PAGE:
30 April 2012 22:58 [Source: ICIS news]
HOUSTON (ICIS)--The natural gas industry will remain the largest single source of methane pollution in the US, responsible for almost 40% of total human-controlled methane emissions, even with new regulations, a group said on Monday.
The group acknowledged that the new US standards are an important step that will significantly reduce methane emissions, and therefore the greenhouse gas footprint of shale gas.
However, shale gas's footprint will remain larger than that of coal when viewed over an integrated 20-year time period following emission to the atmosphere, according to the Physicians Scientists & Engineers for Healthy Energy (PSE).
The group cited a report by professors Anthony Ingraffea and Robert Howarth of Cornell University.
The new regulations were issued earlier this year by the US Environmental Protection Agency (EPA), and they intended to reduce the amount of methane released from wells.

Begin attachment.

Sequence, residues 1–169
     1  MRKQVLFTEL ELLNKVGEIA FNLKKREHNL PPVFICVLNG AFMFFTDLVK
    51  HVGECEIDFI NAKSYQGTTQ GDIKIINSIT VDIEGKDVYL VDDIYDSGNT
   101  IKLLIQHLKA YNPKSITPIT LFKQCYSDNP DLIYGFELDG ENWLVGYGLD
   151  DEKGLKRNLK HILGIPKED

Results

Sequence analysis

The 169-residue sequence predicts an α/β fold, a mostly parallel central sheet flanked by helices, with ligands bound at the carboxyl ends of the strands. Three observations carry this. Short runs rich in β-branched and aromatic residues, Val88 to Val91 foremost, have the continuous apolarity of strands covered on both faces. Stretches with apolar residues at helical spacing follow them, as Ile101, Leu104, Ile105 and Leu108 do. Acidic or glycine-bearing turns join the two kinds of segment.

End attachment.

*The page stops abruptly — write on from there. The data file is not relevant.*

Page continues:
Despite the new regulations, shale gas methane emissions will remain significant, with the estimates indicating a likely leakage of 2.5-3.9% of the amount of methane produced over the lifetime of a shale-gas well and possibly as high as 6%, the PSE said.
These ongoing emissions result from chronic leakages at the well site as well as chronic leakages and purposeful venting associated with gas storage, transmission through high-pressure pipelines and distribution to consumers, the PSE said.
Given the limits of the control and the delayed start date, the regulations on shale gas emissions must be considered to be too little, too late, the PSE said.
The July 2011 United Nations report and a January 2012 paper in the journal Science both stress the urgent need to reduce methane emissions globally, beginning immediately, the PSE said.
Without stringent methane control, the global temperature is predicted to reach potentially dangerous levels, which may well lead to critical changes in the earth’s climate system such as huge increases in the release of methane stored in arctic permafrost, the PSE said. This could lead to greatly accelerated global warming – within the next 15 to 40 years.
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